Learning Irish step dancing can be a very fun and exciting hobby, as well as good exercise. You can also learn a lot about the Irish people, the culture and traditions, and about the music. In fact, you cannot learn Irish step dancing properly if you do not learn about famous Irish folk songs to which the dances are frequently performed. While the words are not present during a dance and only the instrumentals are played, learning the lyrics to these songs may help you memorize where and when in the songs you are supposed to be side-stepping, hopping up, reeling and leaping. The following five songs, and the dances for which you might use the songs, will help you on your way to becoming the next lady or lord of the dance.
Jigs and Folk Songs
Mill Pond is a very popular folk song for jigs. It is so popular in fact, that you have probably already heard it in one of your step-dancing classes without even realizing it. It is a very lively Irish tune, perfect for a jig dance. The lyrics (not surprisingly, given the upbeat nature of the music) are quite amusing, and relate a tale of things that happened at a mill pond on a warm afternoon.
Maid Behind the Bar, despite the fact that it is definitely about a barmaid, is still a lively enough tune for a jig. The lyrics have a bit of that Irish naughtiness that comes with the references of barmaids, so you may not want to sing it out loud when you learn it unless you are in the company of people who wouldn't mind. Being an old tavern song, it is still popular in Irish taverns, especially after a few rounds of ale. However, that does not mean you cannot use the instrumental version for Irish step dancing.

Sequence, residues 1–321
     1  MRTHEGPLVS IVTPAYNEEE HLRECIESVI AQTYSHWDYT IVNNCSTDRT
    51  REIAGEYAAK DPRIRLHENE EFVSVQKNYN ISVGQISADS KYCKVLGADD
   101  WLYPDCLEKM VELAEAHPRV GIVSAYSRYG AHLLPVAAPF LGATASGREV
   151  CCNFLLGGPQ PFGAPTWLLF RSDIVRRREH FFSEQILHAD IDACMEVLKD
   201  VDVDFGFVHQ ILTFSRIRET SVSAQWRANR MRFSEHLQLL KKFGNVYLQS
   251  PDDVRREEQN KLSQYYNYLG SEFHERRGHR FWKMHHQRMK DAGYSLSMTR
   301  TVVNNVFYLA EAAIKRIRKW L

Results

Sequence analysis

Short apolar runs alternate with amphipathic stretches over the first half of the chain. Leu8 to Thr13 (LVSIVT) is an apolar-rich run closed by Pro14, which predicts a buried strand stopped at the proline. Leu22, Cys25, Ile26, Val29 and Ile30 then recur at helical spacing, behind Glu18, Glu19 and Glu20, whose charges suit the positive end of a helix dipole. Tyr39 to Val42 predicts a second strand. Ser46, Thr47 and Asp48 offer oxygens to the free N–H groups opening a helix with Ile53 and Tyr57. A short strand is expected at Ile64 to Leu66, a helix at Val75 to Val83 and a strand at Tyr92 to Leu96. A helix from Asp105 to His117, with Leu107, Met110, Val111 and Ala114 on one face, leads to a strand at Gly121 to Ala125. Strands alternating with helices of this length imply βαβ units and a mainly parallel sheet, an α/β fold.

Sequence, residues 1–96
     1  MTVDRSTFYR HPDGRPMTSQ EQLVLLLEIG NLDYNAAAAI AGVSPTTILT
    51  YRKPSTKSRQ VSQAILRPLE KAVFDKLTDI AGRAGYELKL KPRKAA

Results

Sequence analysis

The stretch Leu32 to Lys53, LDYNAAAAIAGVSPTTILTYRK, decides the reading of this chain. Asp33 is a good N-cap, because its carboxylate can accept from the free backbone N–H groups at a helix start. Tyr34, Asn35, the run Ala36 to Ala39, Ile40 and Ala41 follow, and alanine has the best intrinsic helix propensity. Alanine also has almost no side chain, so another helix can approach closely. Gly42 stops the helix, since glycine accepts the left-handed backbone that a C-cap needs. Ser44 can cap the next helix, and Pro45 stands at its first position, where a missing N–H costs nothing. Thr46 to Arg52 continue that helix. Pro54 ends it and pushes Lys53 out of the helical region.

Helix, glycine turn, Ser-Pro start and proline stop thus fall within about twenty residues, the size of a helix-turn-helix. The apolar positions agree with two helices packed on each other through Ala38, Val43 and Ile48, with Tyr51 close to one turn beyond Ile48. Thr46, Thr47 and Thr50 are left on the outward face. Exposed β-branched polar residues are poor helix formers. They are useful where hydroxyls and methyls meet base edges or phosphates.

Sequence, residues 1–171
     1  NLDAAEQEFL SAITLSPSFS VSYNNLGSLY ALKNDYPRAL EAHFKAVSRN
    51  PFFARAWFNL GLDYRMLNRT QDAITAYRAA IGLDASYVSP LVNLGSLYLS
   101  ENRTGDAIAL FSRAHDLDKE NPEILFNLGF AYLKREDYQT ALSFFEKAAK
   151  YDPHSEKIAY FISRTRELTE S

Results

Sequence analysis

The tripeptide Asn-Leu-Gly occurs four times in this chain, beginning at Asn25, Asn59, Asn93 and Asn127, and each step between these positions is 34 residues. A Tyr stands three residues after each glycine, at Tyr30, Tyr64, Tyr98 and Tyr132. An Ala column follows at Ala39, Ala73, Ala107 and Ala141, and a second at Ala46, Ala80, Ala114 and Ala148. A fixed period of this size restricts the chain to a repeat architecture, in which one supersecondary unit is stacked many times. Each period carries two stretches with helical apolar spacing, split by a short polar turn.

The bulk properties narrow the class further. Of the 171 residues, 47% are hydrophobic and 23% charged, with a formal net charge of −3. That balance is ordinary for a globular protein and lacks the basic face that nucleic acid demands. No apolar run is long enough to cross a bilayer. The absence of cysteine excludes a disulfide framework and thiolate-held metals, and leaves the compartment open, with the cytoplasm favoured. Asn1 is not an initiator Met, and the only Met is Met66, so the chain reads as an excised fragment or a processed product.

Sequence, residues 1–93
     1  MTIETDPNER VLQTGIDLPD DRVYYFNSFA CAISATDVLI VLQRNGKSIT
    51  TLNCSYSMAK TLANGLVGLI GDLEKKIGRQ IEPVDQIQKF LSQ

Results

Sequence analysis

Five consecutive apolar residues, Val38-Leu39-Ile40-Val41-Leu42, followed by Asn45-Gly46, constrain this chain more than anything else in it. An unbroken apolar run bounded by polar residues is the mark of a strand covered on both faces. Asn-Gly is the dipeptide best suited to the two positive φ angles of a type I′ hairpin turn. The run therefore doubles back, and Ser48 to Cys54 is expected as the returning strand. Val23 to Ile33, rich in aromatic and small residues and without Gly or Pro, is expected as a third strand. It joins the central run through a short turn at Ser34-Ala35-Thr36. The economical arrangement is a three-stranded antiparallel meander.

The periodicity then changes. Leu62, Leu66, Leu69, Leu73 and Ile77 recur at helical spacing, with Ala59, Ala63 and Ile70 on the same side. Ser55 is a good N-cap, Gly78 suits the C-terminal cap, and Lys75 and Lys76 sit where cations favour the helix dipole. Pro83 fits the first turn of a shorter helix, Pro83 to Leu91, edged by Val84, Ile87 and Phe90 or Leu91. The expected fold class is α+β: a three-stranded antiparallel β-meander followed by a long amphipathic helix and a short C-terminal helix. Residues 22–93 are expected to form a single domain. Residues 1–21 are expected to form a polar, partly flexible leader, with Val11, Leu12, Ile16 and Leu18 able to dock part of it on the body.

Reels and Folk Songs
Reel songs are most appropriate when you are performing Irish step dancing in a group.
St. Anne's Reel tells a story about St. Anne, the mother to Mary, the bearer of Jesus. As you listen, you can hear all of the little spots where your dance team is supposed to spin and then lock arms for a dance line.
The Drunken Landlady is another humorous tavern ballad-turned-Irish reel. The mere mention of this song to someone who is full-blooded Irish will probably make him or her chuckle, and if you get a chance to read the lyrics, you will probably chuckle as well. If you choose to learn and use this song in your dance, you may have to learn how to keep a straight face after learning the words and music. Learn more about famous Irish folk songs before you go dancing the next time.Share